Art&Seek presents This Week in Texas Music History. Every week, we’ll spotlight a different moment and the musician who made it. This week, Texas music scholar Gary Hartman introduces us to a pioneer of barrelhouse piano who started his career underneath the house.
You can also hear This Week in Texas Music History on Sunday at precisely 6:04 p.m. on KERA radio. But subscribe to the podcast so you won’t miss an episode. And our thanks to KUT public radio in Austin for helping us bring this segment to you. And if you’re a music lover, be sure to check out Track by Track, the bi-weekly podcast from Paul Slavens, host of KXT’s The Paul Slavens Show, heard Sunday night’s at 8.
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Robert Shaw died on May 16, 1985. Born in Stafford, Texas, on Aug. 9, 1908, Shaw was not allowed to study piano as a child, since his parents thought that was not appropriate for a boy. Undaunted, the young Shaw hid underneath the house and listened while his sister practiced her piano lessons. By the 1920s, Shaw had become an accomplished player of the barrelhouse piano style, also known as boogie-woogie, which combined blues, jazz and the syncopated rhythms of ragtime.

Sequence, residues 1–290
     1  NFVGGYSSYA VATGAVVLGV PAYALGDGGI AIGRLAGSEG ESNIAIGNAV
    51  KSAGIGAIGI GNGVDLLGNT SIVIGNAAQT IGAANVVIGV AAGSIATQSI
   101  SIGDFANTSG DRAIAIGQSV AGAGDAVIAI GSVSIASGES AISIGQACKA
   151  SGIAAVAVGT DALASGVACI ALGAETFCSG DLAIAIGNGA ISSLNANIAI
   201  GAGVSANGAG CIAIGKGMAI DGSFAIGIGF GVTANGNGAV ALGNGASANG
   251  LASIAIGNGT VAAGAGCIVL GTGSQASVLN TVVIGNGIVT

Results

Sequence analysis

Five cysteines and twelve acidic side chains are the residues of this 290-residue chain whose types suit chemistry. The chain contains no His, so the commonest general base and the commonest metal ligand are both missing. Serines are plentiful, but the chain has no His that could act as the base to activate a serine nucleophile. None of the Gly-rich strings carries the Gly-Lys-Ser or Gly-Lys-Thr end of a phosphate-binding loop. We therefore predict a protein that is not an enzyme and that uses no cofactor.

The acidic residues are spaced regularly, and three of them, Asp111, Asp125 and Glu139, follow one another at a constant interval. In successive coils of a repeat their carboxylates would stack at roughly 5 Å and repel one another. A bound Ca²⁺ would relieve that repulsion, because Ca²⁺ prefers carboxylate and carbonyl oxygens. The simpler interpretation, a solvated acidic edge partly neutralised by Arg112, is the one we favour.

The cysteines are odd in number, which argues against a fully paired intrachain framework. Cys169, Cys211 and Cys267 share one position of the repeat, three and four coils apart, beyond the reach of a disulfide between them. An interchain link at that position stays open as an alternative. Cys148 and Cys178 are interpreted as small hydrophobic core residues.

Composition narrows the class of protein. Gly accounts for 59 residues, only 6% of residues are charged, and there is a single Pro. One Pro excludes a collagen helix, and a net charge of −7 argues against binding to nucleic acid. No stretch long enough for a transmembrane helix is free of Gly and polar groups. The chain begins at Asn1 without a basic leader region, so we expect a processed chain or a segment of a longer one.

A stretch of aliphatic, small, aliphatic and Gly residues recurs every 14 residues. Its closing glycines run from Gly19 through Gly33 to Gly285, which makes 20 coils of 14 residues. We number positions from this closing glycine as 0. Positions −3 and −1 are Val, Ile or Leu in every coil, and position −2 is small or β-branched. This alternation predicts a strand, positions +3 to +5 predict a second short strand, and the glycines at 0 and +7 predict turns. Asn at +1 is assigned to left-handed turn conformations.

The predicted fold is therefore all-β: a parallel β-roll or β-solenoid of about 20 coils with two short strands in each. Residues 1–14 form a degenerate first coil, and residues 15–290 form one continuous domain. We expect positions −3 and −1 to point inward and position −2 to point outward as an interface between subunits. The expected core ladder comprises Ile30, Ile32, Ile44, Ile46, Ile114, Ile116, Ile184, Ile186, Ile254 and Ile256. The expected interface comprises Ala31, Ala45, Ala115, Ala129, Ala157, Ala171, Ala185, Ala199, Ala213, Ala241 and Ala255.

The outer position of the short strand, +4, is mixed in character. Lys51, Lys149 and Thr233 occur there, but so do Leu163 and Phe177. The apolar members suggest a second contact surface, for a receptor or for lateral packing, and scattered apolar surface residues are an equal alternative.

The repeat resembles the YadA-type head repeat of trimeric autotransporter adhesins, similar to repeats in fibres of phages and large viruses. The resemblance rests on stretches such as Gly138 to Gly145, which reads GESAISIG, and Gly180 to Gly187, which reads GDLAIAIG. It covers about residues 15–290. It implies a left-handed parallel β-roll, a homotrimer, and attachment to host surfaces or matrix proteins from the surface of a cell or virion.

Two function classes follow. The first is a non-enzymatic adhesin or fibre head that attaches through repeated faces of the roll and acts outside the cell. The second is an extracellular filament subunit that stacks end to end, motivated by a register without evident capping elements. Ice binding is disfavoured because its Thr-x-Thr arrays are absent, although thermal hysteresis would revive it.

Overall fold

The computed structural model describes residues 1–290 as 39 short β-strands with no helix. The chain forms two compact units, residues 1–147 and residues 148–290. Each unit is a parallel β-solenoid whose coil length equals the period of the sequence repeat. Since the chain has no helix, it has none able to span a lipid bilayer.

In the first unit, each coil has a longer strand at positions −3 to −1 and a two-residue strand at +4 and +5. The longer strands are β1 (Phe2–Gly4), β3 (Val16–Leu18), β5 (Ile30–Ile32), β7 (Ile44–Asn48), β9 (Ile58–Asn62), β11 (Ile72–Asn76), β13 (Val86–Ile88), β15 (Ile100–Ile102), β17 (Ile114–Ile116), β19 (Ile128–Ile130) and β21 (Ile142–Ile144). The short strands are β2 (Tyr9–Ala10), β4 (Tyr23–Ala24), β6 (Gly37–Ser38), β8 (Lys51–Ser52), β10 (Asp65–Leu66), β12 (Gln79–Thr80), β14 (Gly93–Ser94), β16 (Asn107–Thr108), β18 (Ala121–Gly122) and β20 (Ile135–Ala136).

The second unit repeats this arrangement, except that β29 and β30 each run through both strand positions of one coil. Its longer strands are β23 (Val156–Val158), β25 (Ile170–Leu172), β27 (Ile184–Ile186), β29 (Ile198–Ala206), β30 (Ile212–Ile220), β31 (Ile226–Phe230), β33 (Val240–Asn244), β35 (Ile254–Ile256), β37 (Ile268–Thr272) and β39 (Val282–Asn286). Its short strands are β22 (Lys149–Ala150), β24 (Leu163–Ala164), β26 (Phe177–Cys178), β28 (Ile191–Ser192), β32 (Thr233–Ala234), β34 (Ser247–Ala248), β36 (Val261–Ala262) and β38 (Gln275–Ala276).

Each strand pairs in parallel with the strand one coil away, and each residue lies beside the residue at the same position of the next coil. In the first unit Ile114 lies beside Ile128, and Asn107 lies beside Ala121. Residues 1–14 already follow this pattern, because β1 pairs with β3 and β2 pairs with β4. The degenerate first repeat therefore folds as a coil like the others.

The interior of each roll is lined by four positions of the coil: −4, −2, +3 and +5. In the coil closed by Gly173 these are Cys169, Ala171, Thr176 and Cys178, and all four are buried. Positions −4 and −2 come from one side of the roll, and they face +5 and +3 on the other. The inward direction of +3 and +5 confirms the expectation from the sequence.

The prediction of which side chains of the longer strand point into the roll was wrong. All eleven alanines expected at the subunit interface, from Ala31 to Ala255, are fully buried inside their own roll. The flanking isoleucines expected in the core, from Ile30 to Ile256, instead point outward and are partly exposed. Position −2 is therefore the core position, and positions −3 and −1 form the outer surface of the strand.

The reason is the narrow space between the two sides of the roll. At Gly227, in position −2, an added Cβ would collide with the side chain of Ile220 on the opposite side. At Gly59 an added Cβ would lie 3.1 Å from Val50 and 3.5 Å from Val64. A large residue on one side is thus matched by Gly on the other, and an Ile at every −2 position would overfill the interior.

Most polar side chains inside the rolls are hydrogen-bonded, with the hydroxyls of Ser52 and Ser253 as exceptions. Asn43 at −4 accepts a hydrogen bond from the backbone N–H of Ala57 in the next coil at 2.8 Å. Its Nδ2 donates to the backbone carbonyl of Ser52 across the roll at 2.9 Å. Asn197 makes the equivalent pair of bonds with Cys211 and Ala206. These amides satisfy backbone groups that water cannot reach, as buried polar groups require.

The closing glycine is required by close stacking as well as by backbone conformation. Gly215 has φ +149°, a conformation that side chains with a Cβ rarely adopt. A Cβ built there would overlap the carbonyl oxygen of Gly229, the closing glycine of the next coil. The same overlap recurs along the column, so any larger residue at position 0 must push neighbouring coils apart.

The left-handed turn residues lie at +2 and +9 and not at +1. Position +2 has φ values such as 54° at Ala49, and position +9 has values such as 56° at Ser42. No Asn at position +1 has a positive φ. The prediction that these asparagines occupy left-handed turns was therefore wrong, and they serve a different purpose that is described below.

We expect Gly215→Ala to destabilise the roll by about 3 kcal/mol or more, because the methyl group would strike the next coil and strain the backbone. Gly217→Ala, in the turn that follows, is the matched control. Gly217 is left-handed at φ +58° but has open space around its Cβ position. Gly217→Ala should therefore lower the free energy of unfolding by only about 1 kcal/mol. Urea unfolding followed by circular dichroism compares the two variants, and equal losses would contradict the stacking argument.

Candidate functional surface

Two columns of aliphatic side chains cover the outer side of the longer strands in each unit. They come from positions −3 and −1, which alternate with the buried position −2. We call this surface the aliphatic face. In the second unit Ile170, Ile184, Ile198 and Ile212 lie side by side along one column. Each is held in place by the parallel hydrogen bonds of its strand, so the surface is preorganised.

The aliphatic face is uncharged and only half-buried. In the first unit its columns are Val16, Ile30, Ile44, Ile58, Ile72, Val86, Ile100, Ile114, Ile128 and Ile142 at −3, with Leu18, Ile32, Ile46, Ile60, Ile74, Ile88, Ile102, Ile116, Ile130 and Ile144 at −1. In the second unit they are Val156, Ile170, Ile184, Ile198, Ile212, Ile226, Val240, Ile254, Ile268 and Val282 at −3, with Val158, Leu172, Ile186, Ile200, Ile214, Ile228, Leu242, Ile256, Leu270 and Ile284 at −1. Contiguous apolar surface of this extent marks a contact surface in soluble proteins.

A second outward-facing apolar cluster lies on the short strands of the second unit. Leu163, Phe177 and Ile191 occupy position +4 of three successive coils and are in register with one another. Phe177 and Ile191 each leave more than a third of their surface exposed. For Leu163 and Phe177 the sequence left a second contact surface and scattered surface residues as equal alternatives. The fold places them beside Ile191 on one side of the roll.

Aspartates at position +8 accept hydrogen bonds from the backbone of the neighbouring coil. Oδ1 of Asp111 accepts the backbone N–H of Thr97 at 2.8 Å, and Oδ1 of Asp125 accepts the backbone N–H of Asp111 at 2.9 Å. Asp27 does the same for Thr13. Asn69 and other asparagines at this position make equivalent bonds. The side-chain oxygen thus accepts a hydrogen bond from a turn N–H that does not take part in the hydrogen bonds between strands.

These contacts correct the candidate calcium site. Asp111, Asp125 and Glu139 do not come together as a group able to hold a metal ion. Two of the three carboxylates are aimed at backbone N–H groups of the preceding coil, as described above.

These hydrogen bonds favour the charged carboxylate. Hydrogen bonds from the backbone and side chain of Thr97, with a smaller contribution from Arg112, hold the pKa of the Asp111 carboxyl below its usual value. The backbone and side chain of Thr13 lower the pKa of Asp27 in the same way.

Robert Shaw toured the country throughout the 1930s, before settling in East Austin, where he operated a grocery store for many years. During the 1960s, he was rediscovered by a younger generation of fans and soon was performing on stages throughout the world. Shaw was a dynamic performer who helped lay the foundation for Austin’s live music scene long before the city was known as the “Live Music Capital of the World.”
Next time on This Week in Texas Music History, we’ll learn about a record label that was a real feather in the cap of the Texas recording industry.